Academic journal article Journal of Marriage and Family

Psychological Aggression by American Parents: National Data on Prevalence, Chronicity, and Severity

Academic journal article Journal of Marriage and Family

Psychological Aggression by American Parents: National Data on Prevalence, Chronicity, and Severity

Article excerpt

This article describes the prevalence of psychological aggression in a nationally representative sample of 991 parents. By child-age 2, 90% reported using one or more forms of psychological aggression during the previous 12 months and 98% by age 5. From ages 6 to 17, the rates continued in the 90% range. The rate of severe psychological aggression was lower: 10%-20% for toddlers and about 50% for teenagers. Prevalence rates greater than 90% and the absence of differences according to child or family characteristics suggests that psychological aggression is a near universal disciplinary tactic of American parents. Finally, this article discusses the implications of the findings for the conceptualization of psychological "abuse," and for understanding the origins of the high level of psychological aggression between intimate partners.

Key Words: abuse, children, gender, parents, psychological aggression.

Acts of psychological aggression by parents, such as angry shouting and cursing and calling a child a dummy or a slob, are a perennial focus of novelists. But in contrast to the prevalence of psychological aggression in the daily lives of fictional families, social scientists treat psychological aggression as something that occurs in pathological families rather than in an everyday part of interaction in typical families. The failure to perceive and attend to psychological aggression in nonclinical general population families is similar to the previous failure to attend to physical aggression in nonclinical families. Both physical and psychological aggression is common in typical families (Gelles & Cornell, 1990; Straus & Gelles, 1990). Physical aggression by parents toward children under the euphemism of spanking is normative, is expected "when necessary," and is experienced by over 94% of American toddlers; it occurs an average of three times a week (Giles-Sims, Straus, & Sugarman, 1995; Straus & Stewart, 1999).

Psychological aggression by parents as a mode of discipline does not have the same culturally approved and expected status as does physical aggression in the form of corporal punishment, but neither is it beyond the pale of acceptability unless it is chronic and severe. Previous research (Solomon & Serres, 1999; Vissing, Straus, Gelles, & Harrop, 1991) suggests that verbal attacks on children, like physical attacks, are so prevalent as to be just about universal. Despite this near universality, psychological aggression by parents has not been conceptualized and investigated as a standard part of the family system. Rather, it is the focus of attention only if it is chronic and severe enough to be conceptualized as a form of deviance and investigated by scholars concerned with "child abuse" rather than by those concerned with normal families.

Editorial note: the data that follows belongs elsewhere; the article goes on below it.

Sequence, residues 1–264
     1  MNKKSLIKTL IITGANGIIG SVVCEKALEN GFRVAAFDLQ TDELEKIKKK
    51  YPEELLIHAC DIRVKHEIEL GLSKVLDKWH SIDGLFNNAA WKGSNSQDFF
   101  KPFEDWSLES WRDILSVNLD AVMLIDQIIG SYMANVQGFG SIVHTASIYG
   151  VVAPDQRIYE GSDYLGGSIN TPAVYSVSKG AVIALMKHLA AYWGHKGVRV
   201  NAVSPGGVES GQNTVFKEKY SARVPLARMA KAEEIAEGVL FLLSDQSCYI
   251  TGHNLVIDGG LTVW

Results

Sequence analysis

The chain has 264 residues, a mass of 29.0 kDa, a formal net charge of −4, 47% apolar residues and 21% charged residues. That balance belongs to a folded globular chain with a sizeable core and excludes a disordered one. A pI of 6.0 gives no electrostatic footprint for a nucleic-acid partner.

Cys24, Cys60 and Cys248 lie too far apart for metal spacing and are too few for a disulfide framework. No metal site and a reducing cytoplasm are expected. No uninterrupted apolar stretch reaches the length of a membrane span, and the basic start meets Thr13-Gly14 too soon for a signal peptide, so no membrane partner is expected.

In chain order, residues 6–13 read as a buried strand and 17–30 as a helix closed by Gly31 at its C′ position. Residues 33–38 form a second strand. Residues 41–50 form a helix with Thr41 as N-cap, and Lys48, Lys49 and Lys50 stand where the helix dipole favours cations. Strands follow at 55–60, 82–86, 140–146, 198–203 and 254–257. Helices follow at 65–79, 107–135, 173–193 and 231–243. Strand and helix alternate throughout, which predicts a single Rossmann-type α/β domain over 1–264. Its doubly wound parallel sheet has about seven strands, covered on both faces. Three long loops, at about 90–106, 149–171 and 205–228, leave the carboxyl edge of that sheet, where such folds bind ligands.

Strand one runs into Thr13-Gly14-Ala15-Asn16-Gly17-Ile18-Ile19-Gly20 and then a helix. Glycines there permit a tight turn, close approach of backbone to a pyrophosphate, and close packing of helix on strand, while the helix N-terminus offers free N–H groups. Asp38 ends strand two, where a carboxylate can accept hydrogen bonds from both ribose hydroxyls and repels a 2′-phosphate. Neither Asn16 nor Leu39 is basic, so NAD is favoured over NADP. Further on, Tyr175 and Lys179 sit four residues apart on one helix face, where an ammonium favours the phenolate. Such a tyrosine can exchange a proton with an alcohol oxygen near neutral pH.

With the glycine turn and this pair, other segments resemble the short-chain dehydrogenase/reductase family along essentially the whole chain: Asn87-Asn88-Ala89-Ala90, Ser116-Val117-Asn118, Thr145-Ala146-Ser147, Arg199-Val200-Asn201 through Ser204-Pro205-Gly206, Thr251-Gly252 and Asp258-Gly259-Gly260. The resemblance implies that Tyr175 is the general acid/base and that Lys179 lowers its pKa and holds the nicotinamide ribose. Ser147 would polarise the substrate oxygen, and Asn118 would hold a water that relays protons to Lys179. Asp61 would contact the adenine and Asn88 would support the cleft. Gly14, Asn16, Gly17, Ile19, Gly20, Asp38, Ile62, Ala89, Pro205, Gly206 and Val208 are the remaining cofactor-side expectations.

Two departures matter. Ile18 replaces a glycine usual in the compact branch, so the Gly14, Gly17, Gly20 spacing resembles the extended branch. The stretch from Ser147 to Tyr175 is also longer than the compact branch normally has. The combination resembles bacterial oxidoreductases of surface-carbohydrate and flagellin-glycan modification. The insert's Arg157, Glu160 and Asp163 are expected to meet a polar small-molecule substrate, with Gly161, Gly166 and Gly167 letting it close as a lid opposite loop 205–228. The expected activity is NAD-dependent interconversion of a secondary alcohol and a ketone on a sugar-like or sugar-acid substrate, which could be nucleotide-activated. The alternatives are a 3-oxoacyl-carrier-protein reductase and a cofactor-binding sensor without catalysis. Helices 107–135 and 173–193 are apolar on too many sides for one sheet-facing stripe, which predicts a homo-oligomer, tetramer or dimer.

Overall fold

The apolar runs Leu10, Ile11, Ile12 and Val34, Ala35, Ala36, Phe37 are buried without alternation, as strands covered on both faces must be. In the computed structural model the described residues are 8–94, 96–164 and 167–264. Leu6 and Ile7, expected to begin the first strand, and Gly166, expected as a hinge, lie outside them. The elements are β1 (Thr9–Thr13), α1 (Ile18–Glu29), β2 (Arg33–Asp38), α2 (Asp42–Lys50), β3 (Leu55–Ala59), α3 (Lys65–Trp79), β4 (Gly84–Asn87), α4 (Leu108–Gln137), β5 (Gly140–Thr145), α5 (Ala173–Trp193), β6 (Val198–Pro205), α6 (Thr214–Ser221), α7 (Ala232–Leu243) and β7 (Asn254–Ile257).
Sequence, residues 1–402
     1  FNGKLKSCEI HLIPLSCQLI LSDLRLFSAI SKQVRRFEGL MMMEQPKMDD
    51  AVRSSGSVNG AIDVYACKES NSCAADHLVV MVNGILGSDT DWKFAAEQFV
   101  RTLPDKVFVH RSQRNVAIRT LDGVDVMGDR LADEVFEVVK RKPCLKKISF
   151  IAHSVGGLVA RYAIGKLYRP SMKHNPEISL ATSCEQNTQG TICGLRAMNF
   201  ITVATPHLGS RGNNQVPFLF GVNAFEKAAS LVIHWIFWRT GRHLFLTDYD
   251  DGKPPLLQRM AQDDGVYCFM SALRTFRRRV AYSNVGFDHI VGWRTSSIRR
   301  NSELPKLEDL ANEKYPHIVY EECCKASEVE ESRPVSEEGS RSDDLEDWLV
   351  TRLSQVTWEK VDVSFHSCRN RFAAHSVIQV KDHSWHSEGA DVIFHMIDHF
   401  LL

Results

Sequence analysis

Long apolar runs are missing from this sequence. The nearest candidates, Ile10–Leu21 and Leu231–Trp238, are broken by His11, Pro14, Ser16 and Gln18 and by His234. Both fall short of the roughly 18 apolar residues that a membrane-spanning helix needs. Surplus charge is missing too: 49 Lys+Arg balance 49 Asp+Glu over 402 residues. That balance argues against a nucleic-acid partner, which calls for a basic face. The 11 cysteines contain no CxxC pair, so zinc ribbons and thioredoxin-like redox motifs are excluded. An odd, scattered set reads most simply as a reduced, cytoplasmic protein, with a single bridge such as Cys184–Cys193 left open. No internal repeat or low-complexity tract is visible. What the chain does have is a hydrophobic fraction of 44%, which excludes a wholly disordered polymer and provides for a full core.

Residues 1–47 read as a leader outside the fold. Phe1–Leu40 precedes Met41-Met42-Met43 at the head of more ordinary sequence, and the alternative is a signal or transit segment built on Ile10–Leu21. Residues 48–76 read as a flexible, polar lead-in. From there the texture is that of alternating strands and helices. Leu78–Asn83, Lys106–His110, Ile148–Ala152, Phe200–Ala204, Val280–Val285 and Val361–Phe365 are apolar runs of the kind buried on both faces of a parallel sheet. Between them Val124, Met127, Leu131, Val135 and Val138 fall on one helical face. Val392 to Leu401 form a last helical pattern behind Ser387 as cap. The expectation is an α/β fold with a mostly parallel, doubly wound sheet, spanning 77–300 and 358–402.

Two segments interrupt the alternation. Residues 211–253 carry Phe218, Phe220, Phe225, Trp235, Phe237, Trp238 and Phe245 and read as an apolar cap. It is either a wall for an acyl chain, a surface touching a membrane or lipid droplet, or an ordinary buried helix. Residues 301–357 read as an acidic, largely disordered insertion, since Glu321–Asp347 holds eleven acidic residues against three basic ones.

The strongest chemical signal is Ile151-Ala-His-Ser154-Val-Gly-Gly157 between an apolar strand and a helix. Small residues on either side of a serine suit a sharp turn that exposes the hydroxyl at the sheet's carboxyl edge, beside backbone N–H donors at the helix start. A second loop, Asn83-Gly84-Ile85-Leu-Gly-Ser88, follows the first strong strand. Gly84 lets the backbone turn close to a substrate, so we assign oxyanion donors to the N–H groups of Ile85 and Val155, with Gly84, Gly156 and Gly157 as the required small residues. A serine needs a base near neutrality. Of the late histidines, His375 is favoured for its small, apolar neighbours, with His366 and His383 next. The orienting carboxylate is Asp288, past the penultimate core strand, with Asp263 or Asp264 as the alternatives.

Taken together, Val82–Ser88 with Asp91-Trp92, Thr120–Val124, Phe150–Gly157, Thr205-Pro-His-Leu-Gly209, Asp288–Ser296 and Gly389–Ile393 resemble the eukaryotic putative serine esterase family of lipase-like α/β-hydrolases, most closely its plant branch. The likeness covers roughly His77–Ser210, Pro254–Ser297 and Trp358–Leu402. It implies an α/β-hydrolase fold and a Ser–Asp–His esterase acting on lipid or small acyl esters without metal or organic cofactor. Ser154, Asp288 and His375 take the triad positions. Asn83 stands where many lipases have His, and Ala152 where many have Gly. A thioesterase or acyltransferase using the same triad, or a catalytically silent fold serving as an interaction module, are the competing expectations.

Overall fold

We suggest that the relegation of this almost universal experience of childhood to the domain of "child abuse" occurs largely because there are implicit cultural norms that direct us to ignore psychological aggression unless it passes a certain threshold of chronicity and severity. These norms spill over from the personal lives of scholars to influence the focus of their theoretical and empirical research. One reason these cultural beliefs can prevail is the lack of scientific information on the actual prevalence and chronicity of psychological aggression by parents. The purpose of this article is to provide that information.

Regardless of whether tolerating a certain level of psychological aggression by parents is part of the cultural norms of American society, an understanding of the families and of childhood can benefit from information about the extent to which parents use this mode of discipline with children of different ages. This study provides information on the epidemiology of psychological aggression by a nationally representative sample of American parents. We present data on the prevalence of psychological aggression for each year of life from birth to age 17 and also for age categories related to children's cognitive and social development. …

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